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I know I already have the Haskell Data.ByteString.Lazy function to split a CSV on a single character, such as:

split :: Word8 -> ByteString -> [ByteString]

But I want to split on a multi-character ByteString (like splitting on a String instead of a Char):

split :: ByteString -> ByteString -> [ByteString]

I have multi-character separators in a csv-like text file that I need to parse, and the individual characters themselves appear in some of the fields, so choosing just one separator character and discarding the others would contaminate the data import.

I've had some ideas on how to do this, but they seem kind of hacky (e.g. take three Word8s, test if they're the separator combination, start a new field if they are, recurse further), and I imagine I would be reinventing a wheel anyway. Is there a way to do this without rebuilding the function from scratch?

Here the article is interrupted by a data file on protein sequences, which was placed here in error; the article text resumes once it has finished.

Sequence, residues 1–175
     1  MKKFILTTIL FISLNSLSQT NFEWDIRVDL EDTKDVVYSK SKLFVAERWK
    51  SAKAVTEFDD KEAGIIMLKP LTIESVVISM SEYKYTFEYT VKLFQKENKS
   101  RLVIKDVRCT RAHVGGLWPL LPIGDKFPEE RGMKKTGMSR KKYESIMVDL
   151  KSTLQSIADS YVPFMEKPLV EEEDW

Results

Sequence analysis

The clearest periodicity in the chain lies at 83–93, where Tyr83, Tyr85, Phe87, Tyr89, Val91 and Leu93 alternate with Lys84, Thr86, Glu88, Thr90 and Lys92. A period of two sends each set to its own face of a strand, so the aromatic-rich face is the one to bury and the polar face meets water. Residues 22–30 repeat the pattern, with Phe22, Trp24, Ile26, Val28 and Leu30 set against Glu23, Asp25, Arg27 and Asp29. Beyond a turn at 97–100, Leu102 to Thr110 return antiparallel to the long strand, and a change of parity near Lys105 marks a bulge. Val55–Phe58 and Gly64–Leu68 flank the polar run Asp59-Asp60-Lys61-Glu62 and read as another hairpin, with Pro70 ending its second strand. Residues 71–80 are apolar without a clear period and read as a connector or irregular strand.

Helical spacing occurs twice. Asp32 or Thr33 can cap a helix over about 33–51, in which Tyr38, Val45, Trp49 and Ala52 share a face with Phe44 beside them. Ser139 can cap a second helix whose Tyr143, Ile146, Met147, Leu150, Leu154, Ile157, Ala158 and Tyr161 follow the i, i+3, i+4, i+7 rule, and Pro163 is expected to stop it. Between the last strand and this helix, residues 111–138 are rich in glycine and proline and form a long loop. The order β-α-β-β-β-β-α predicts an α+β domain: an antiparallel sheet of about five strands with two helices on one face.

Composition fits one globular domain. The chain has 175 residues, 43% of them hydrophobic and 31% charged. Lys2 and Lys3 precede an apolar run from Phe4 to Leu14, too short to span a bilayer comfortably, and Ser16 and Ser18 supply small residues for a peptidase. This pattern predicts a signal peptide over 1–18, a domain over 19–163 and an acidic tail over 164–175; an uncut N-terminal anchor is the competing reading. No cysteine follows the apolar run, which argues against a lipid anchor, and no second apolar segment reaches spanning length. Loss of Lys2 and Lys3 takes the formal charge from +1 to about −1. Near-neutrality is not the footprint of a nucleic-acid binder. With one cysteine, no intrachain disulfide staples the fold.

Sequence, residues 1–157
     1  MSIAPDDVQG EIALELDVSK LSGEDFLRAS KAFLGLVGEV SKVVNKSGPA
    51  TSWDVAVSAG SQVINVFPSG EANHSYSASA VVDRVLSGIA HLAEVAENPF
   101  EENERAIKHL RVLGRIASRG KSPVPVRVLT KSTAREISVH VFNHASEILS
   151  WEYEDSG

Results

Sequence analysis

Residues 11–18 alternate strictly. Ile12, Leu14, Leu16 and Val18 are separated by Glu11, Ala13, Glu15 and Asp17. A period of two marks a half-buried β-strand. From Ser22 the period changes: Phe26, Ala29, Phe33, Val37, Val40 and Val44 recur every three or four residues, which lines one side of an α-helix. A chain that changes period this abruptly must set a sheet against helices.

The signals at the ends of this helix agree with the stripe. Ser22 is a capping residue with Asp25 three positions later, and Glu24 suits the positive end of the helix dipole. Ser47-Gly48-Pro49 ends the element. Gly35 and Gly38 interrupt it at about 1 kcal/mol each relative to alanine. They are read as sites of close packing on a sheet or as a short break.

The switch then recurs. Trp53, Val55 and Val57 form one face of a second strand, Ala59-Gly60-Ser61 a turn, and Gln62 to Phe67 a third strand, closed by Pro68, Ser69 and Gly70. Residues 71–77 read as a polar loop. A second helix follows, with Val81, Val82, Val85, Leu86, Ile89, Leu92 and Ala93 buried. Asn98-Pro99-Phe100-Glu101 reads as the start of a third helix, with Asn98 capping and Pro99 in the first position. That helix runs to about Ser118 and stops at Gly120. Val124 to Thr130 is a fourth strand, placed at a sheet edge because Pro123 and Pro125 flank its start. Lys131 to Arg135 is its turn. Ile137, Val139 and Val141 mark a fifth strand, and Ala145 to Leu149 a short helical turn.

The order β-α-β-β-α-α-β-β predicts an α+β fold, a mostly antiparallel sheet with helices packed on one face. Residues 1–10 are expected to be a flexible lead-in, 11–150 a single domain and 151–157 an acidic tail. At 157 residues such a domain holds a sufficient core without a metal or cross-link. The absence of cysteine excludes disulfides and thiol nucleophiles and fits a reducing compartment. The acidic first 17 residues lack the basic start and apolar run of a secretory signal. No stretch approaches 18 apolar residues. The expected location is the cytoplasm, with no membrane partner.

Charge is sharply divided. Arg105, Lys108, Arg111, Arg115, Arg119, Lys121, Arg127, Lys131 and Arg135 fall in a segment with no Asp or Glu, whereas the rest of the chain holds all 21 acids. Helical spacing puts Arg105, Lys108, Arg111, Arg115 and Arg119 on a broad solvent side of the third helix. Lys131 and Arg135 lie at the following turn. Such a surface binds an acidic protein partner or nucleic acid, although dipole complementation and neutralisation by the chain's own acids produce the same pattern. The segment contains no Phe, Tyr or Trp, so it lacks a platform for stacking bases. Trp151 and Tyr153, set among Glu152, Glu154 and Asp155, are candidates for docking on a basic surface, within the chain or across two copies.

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2 Answers

up vote 2 down vote accepted

The documentation of Bytestrings breakSubstring contains a function that does what you are asking for:

tokenise x y = h : if null t then [] else tokenise x (drop (length x) t)
    where (h,t) = breakSubstring x y
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Nice function there, read my mind. It looks like we have a consensus of 3 for breakSubstring, even though I will still need to "toChunks" and "fromChunk" my ByteStrings to Stict ByteStrings and back to use this. Any reason breakSubstring isn't in ByteString.Lazy? –  daniel Sep 9 '09 at 14:04
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There are a few functions in bytestring for splitting on subsequences:

breakSubstring :: ByteString -> ByteString -> (ByteString,ByteString)

There's also a

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I would have to convert lazy ByteStrings to strict ByteStrings to use breakSubstring, but it looks like it might be worth it. –  daniel Sep 9 '09 at 11:45
    
It looks like breakSubstring isn't in GHC 6.8 libs... is that right? –  Jared Updike Oct 16 '09 at 16:10
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